Information gathering

Marketing

Market

Research/

Finding

Business

Identify process

elements

Staffing/outsourcing

Sales

Suppliers and

procurement

Manufacturing

Process design

Systems

Regulatory compliance

Quality controls

System

improvements

Accreditation

Packaging

Delivery system

Couriers

Presentation

methods

Who, how and

why?

Process Delivery

Quality

Assurance

Ongoing

Review

Business planning

System reviews

Niche markets

What is selling

and why?

What is not

selling and why?

Training and

upskilling

Feedback

Payment

systems

Sales referrals

Add-on sales

Building longterm

business

relationship

Customer

satisfaction

& getting

paid


So, some of the key operational questions that need to be answered are:

What is the process by which the good or service is taken from source to the

final customer.

Break down the overall process into its component parts, i.e. sourcing raw

materials, production, packaging, delivery, sales, invoicing and debt collecting.

Taking each one separately see who is responsible.

What process or system should operate in each area?

Check that the different systems combine to a logical process, i.e. when the sales

department say that a product will be delivered in 10 days that it is physically

possible to get or produce the good or service to the customer in that period of

time.

Other important issues are

• Credit and debt collection policy.

• Stock control

• Administration time

We shall now go through some of the key parts of the process in detail. It is fair to

say that not all parts of the chain are relevant to every business and therefore you

should focus on the parts that are relevant to your business.

Sourcing Materials

All business ventures have to source materials. The extent to which this can affect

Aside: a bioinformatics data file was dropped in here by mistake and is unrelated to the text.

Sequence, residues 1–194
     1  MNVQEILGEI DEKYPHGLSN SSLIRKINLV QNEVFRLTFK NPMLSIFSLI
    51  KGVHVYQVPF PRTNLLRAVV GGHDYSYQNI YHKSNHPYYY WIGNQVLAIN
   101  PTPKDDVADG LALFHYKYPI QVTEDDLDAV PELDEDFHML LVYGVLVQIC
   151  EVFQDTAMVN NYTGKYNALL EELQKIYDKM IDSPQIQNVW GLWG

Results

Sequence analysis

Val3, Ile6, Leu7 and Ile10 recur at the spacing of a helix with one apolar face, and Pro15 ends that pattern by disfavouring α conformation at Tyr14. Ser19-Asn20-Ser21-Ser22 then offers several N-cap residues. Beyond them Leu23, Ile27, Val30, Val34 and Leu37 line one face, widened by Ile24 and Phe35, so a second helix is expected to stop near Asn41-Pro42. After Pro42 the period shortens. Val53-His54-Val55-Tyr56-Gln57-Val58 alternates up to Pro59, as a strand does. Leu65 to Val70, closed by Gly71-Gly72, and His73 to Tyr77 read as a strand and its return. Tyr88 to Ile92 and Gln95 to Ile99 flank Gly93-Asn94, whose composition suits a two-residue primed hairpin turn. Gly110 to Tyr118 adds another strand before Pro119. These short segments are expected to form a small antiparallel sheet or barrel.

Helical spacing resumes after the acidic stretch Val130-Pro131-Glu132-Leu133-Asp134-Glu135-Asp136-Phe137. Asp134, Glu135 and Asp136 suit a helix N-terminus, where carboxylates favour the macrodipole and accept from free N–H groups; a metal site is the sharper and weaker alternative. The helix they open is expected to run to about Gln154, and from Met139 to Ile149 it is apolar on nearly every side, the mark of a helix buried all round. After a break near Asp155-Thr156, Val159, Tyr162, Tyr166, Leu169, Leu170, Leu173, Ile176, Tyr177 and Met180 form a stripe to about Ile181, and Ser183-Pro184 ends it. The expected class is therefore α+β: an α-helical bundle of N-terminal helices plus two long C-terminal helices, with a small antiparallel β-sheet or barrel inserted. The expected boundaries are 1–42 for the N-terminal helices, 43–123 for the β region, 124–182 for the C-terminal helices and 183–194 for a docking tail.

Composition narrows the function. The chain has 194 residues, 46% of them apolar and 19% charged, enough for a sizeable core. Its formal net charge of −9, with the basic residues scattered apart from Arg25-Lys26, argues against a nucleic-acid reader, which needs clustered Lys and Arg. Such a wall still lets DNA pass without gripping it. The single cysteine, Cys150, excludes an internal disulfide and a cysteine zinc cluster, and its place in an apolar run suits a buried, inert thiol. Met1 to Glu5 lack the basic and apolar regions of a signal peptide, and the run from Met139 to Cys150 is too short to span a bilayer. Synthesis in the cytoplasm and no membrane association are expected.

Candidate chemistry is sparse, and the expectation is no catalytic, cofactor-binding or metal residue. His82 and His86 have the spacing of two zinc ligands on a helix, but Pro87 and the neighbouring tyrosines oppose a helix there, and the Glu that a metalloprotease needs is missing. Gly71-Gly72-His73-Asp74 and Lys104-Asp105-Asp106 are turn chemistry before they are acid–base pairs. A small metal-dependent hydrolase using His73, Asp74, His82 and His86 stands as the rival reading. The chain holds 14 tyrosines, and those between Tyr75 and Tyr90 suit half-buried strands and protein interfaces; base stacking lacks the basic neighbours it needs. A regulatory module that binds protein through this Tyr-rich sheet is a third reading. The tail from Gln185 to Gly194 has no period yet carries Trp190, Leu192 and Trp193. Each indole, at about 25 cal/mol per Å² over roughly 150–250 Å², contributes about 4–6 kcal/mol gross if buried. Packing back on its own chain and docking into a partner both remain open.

the business however is very diverse. Some service industries may only need

stationery supplies, professional services etc. Supply companies core business

revolves on the product or product lines that they sell. A disruption in the supply of

a core product can result in either major reorganisation of the business or even

result in the business collapsing. Manufacturing companies need raw materials to

produce their products. Changes in supply; be they driven by market, seasonal,

environmental or technological changes can result in major business disruption or

even sector extinction. Look at the market disruption caused when CFCs where

banned. The entire aerosol market was faced with complete change or complete

extinction. Therefore one can define materials supply to a business as raw

materials, essential product range and other materials used in the business. So the

questions you must ask yourself are:

⇒ What raw materials does your business use?

⇒ Who are your suppliers?

⇒ What other suppliers could you use?

⇒ What are the advantages of using your current supplier?

⇒ What goods do you buy and sell?

⇒ Who are your suppliers?


⇒ What are your alternative sources of supply?

⇒ What are the advantages of your current supply source?

⇒ What other products do or will you use?

⇒ What are your suppliers?

⇒ Can you simplify your sourcing of the products?

⇒ Are they all necessary?

Production

In any manufacturing process there is a production process. For each product there

is a chain of production with several distinct links. It is important that you identify

these individual links and analyse any improvements in each link or in the way the

links come together to improve the overall chain. So the questions you must ask

yourself are:

How do you produce each item you make?

⇒ What are the steps in the production?

⇒ Can any step by improved?

⇒ Can the way the links interact be improved?

Packaging and Delivery

These are two very important elements to your business process. Packaging can

have a great deal of impact to the final user. The first role of packaging is to ensure

that the product gets to the final user in pristine condition. In some cases the

packaging also has a very important sales and marketing function. The issues you

must address are:

How do we currently or intend to package our goods?

⇒ Does this ensure that the product arrives at the end user in prime condition?

⇒ Should you packaging have a marketing function?

⇒ Does it currently?

How can this be improved (refer to marketing section)?